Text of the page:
Increasing Returns, Decreasing Returns and Regional Economic Convergence in the EU
Gianni Guastella () and
ERSA conference papers from European Regional Science Association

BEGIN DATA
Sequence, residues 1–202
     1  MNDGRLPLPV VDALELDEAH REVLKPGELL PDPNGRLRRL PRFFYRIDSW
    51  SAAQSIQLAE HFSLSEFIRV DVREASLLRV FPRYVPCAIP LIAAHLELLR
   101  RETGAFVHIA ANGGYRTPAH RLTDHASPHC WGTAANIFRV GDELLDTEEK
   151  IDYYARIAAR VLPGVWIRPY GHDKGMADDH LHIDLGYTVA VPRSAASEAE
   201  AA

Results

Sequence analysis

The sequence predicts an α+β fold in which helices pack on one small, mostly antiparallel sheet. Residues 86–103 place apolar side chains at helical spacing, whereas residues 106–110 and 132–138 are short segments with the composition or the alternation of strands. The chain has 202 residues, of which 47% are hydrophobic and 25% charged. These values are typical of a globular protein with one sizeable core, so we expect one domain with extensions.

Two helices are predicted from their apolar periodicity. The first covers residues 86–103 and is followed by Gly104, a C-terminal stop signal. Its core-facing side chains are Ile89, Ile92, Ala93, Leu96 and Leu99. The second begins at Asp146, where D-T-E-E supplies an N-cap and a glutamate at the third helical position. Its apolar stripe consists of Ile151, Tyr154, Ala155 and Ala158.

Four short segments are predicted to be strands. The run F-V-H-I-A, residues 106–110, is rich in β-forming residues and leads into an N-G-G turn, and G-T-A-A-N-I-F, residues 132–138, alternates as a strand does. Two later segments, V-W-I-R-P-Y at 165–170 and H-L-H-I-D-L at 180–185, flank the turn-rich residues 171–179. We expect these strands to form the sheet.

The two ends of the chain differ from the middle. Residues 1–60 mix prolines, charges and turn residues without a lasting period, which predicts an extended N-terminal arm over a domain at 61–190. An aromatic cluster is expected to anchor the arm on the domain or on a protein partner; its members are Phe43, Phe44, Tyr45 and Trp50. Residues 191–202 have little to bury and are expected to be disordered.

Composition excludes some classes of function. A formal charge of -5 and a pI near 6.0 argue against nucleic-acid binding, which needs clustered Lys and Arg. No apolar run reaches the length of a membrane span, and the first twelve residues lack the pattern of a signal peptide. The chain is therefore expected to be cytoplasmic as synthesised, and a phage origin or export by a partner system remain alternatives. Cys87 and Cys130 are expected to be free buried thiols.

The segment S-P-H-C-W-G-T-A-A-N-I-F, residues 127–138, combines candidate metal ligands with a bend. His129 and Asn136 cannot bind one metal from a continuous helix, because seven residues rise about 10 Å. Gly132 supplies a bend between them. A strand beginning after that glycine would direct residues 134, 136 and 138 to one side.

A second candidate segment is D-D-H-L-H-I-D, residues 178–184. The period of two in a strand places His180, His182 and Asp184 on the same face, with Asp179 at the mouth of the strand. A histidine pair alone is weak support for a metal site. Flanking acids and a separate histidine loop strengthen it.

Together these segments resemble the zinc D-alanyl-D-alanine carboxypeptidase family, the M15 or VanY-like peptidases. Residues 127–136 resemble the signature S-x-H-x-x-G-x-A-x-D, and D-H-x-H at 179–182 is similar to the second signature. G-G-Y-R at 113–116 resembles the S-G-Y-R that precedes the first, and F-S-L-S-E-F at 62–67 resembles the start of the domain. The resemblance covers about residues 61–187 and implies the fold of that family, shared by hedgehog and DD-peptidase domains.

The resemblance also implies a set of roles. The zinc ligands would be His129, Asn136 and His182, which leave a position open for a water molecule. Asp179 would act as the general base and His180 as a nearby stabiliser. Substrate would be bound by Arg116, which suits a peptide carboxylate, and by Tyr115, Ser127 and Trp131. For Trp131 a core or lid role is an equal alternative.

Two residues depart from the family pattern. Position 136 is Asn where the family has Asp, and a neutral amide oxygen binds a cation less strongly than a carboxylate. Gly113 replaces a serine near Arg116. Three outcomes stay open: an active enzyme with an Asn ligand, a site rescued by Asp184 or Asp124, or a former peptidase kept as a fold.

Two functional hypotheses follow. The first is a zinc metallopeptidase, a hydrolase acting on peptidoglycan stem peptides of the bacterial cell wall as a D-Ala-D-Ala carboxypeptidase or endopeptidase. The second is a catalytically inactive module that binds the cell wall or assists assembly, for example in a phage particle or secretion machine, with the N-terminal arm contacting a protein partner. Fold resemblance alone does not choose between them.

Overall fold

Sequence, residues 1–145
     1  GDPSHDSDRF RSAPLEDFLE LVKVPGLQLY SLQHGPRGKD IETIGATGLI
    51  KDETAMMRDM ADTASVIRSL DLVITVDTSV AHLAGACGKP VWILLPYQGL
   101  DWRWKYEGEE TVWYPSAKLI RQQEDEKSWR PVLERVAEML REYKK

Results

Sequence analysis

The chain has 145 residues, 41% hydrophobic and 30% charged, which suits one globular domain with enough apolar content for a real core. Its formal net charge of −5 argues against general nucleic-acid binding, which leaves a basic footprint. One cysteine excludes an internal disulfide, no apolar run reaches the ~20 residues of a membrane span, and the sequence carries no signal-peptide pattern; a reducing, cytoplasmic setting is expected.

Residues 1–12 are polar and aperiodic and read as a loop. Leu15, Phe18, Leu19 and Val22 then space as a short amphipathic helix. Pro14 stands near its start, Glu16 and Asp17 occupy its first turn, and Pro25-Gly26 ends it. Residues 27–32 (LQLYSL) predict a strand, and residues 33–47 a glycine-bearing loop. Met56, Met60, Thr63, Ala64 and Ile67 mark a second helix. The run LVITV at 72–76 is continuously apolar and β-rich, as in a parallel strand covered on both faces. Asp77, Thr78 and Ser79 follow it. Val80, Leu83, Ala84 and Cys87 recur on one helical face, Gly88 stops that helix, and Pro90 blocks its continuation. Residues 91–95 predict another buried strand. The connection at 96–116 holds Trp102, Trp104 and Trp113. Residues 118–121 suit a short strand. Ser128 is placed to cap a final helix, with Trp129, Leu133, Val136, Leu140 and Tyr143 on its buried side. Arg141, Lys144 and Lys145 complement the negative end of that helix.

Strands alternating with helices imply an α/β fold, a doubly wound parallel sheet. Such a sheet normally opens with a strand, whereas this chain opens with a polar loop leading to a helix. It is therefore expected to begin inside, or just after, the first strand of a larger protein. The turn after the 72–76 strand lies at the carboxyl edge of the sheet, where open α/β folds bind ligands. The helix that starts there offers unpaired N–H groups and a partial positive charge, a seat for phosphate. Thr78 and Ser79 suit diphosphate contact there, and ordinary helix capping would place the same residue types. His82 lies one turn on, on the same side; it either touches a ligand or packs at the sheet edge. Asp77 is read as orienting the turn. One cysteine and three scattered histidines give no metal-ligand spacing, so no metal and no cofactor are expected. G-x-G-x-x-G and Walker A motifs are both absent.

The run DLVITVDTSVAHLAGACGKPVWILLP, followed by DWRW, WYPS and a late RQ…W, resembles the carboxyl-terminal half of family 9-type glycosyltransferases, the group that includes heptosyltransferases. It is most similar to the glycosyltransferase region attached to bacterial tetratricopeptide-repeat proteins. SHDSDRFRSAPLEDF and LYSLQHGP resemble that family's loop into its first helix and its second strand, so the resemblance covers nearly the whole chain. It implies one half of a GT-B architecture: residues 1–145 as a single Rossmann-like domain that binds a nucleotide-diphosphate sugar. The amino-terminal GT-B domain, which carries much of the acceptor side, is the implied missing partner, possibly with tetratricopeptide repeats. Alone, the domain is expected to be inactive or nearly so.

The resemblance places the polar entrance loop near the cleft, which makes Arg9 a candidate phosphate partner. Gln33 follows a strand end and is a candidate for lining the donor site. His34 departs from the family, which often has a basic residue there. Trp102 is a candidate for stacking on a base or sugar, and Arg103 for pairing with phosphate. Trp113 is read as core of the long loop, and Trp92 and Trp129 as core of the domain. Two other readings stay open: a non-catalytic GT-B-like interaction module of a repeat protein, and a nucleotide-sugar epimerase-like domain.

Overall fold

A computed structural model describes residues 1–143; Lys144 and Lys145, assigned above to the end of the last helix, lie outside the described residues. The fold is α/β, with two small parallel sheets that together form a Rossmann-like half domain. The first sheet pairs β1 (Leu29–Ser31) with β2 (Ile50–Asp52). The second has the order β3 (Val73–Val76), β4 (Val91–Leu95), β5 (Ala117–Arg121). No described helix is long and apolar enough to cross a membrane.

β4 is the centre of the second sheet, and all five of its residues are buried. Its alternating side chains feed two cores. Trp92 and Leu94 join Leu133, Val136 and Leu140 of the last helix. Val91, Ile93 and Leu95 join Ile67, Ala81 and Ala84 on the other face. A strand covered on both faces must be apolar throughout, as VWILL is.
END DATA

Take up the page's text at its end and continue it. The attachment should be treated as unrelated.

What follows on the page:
Regional Growth; Economic Convergence; Non-linear models JEL: R11, R58 Regional economic development is driven by the accumulation of production factors. More traditional factors like labour and physical capital are accumulated under the law of diminishing returns. This, in turn, allows less developed regions to better perform. Recent branches of theoretical and empirical literature have paid attention to the role of increasing returns in an attempt to explain the persistence in regional economic disparities. Increasing returns are commonly attributed either to the accumulation of non- traditional inputs such as human and knowledge capital or to the presence of local externalities generated by the spatial concentration of economic activities. The aim of the present paper is to address the importance of both decreasing and increasing returns for the economic growth of European regions. While economies will definitively converge in the long-run if production is characterized by decreasing returns, divergence is the likely outcome in presence of increasing returns. As regional growth is probably the result of a combination of both, from a policy perspective it is important to understand where the sooner stops and the latter starts. In this paper the economic performance of 186 European regions is analysed by using the ordinary growth regression approach. An empirical specification which simultaneously accounts for the presence of both decreasing and increasing returns is derived. The study is intended to examine the extent to which regional development originates from the (un)balance between convergence, driven by diminishing returns and divergence, boosted by increasing returns. Results indicate that the accumulation of traditional inputs leads the economic development of less favoured areas while the presence of increasing returns plays a more crucial role in developed regions. More in the detail increasing returns seem to be generated by the accumulation of knowledge and human capital while there is no clear evidence of agglomeration externalities. By using a non-linear specification for the growth equation it is also found evidence of important threshold effects in entering the stage of development characterized by increasing returns. Regional development process is accordingly depicted as a far more complex process than what the simple dualism between increasing and decreasing returns may help to figure out, with very important implications for policy.
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